A2: Metadata are accessible, even when the data are no longer availableMetadata and data can be represented with distinct FHIR resources. Hence, the longevity of data is defined using separate fhir “contextual metadata” resources that an implementer is expected to define.
I1: (Meta)data use a formal, accessible, shared, and broadly applicable language for knowledge representationIf implementers set vocabularies, profiles, and other conformance resources, FHIR supports XML, JSON, and RDF for knowledge representation which are common schemes in FAIR as well.
I2: (Meta)data use vocabularies that follow FAIR principlesFHIR provides a formal way to bind vocabulary(terminology) resources and API specification to facilitate it.
I3: (Meta)data include qualified references to other (meta)dataFHIR technically supports different kinds of references among FHIR resources that are represented as data or metadata.
R1: (Meta)data are richly described with a plurality of accurate and relevant attributesGeneral considerations made for F2 also apply to R1. The fact data and metadata are richly described and have accurate and relevant attributes depending on the context of use.
R1.1: (Meta)data are released with a clear and accessible data usage licenseFHIR provides different means to specify the license and the conditions under which data can be used. E.g., GNU, CC
R1.2: (Meta)data are associated with detailed provenanceFHIR associates meta(data) with provenance information using the “Provenance” resource. Similarly, publication information using “citation” resources.
R1.3: (Meta)data meets domain-relevant community standardsFHIR supports resource profiling to fulfill community-specific domain-relevant standards. Communities are encouraged to prepare implementation guides specific to their model, vocabulary, and context.

Implementers are encouraged to qualify the given principle according to the needed level by preparing a normalized implementation guide. For example, when describing data with rich metadata (F2:), FHIR provides a metadata declaration. However, the “Richness” of the metadata depends on the conformance to the implementation guide. Similarly, (I3:) A metadata qualified to reference other meta(data) can be fulfilled technically with the FHIR resource capability to reference other FHIR resources, although (I3:). Hence, implementers are encouraged to determine qualified references that are needed to provide contextual knowledge for the scope of their community.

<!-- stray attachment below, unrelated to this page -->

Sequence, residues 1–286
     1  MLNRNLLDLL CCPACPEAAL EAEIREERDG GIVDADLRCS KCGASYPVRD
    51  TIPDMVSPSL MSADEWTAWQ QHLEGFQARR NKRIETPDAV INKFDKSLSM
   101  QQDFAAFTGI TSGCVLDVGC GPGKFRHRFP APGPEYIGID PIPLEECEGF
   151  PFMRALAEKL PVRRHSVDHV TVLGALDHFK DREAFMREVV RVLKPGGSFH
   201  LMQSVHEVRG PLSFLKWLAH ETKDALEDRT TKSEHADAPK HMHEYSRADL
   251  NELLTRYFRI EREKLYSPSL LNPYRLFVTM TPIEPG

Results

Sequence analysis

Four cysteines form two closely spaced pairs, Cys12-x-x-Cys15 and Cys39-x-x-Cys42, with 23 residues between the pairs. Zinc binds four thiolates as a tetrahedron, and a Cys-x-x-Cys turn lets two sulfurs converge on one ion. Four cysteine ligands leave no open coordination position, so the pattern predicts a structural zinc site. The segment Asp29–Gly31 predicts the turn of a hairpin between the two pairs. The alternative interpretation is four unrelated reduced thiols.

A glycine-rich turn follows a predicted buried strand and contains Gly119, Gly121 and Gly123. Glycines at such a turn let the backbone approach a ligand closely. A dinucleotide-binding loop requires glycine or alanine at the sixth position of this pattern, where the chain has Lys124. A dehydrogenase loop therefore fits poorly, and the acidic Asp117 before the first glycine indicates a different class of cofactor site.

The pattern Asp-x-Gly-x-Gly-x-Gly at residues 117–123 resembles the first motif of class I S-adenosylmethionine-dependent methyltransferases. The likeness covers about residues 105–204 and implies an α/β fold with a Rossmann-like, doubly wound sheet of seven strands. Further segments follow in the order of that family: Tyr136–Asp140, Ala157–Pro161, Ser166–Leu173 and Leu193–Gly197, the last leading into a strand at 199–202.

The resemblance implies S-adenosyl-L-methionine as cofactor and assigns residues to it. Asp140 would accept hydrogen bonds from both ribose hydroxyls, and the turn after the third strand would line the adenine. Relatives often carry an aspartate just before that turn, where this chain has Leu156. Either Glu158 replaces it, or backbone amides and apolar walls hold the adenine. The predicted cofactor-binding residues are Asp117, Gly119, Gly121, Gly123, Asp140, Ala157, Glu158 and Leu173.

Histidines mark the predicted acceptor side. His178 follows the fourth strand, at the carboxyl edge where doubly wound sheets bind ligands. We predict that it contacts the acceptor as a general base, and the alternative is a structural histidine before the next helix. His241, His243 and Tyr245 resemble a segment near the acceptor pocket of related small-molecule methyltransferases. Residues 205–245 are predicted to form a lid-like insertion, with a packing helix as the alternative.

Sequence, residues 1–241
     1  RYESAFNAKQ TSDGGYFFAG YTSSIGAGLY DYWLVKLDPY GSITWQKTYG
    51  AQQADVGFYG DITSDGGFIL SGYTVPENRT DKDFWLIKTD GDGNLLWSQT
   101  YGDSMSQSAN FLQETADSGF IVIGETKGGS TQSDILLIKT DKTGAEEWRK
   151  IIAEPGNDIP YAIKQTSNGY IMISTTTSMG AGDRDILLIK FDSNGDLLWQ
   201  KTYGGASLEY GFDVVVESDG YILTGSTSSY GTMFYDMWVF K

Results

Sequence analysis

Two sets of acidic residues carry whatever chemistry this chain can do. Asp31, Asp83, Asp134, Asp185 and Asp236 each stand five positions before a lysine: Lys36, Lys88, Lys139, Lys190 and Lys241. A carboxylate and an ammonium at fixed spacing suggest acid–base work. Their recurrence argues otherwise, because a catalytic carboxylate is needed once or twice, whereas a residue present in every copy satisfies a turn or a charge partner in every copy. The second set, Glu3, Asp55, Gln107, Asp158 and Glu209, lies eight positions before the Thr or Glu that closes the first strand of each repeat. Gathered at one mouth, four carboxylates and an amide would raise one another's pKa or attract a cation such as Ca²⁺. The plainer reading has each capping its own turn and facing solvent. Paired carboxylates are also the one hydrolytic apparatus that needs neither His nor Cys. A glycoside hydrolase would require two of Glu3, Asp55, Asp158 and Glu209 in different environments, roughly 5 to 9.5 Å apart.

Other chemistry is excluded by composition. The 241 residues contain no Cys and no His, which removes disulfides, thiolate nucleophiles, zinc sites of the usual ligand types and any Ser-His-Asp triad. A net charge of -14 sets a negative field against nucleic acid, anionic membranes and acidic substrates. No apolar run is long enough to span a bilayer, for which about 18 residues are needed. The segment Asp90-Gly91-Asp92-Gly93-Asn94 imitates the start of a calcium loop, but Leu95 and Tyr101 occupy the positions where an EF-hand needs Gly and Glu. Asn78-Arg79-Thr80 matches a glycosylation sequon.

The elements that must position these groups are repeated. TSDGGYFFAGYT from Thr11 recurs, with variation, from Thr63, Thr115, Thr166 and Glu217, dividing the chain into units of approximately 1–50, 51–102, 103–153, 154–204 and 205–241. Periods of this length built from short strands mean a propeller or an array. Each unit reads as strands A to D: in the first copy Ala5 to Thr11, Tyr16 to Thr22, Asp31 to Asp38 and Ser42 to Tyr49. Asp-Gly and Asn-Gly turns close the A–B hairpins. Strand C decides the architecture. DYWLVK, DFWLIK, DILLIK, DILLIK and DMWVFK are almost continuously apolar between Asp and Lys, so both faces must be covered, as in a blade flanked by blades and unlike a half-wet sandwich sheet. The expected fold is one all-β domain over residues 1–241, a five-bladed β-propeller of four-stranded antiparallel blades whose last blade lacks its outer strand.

In Africa, the culture of data use rests on sharing data between different systems, whereby data leaves the residence. VODAN Africa, as one implementer of the GO-FAIR implementation network, has been developing and testing an MVP to provide a proof- of-concept solution to the infrastructural and contextual issues regarding privacy, diversity, and ownership of digital data. The MVP is the first to revitalize health data acquisition, management, and use by generating FAIR data points in nine African countries and 88 Health facilities. To achieve the FAIR principles, the MVP used different technologies and standards.

Fig. 2.

VODAN MVP architecture.

VODAN MVP architecture.

The MVP provides a service architecture to transform the data into machine-readable clinical FAIR data from the outpatient department (OPD), antenatal care (ANC), and COVID registers to produce interoperable and reusable data. The architecture (Fig. 2) has input/bulk input capability to import data from other sources. In addition, CEDAR serves for the creation of meta(data) templates. Hence the processing, machine data conversion, and a metadata repository at the center of the architecture serve in the creation of FAIR data that could later be accessed by analytic dashboards and a FAIR Data Point. The architecture has the capability of FAIR data production and uses a federated modality without data losing its residence, as SPARQL queries can be executed over the internet on machine-actionable linked data without the data leaving the residence. The MVP is collecting data from registers using the CEDAR template. Still, the capability to accept data from an electronic medical record and send data to District Health Information System (DHIS2) is also part of the architecture [7].

Fig. 3.

FHIR leveraging VODAN-A architecture.

FHIR leveraging VODAN-A architecture.

2.3.A proposal for leveraging FHIR in VODAN-A

Through its FHIR-server adapter such as HL7 Application Programming Interface (HAPI), FHIR could have a role in easing the data exchange (Fig. 3) in VODAN-A. A given health facility MVP interoperates with other, similar facility MVPs horizontally, and simultaneously exchanges data with DHIS2, and the triple store Allegro Graph is used as FDP to enable data visiting by performing SPARQL queries, vertically. Complementing the architecture, FHIR could be a convenient option for vertical interoperability without complicating horizontal data interoperability. Hence, the FHIR resource will be exposed by the plugged-in HAPI FHIR server between the vertically interoperating systems and the data production repository databases.


FHIR as a native solution through the protocols and specifications it supports, or with the community implementation guides, could be a viable option for the FAIRfication process of health data. Architectures not FHIR-based by design could also support health data interoperation and the FAIRfication process. Hence, further exploration is needed to see the possibility of non-native FHIR implementation, such as HAPI FHIR serving as a FAIR data point exposing data and metadata in RDF format.


The authors are very grateful to the members of the VODAN-A community who were in each implementation step of the MVP and helpful in providing their valuable input to this paper.


The authors have no funding to report.

Conflict of interest

The authors have no conflict of interest to report.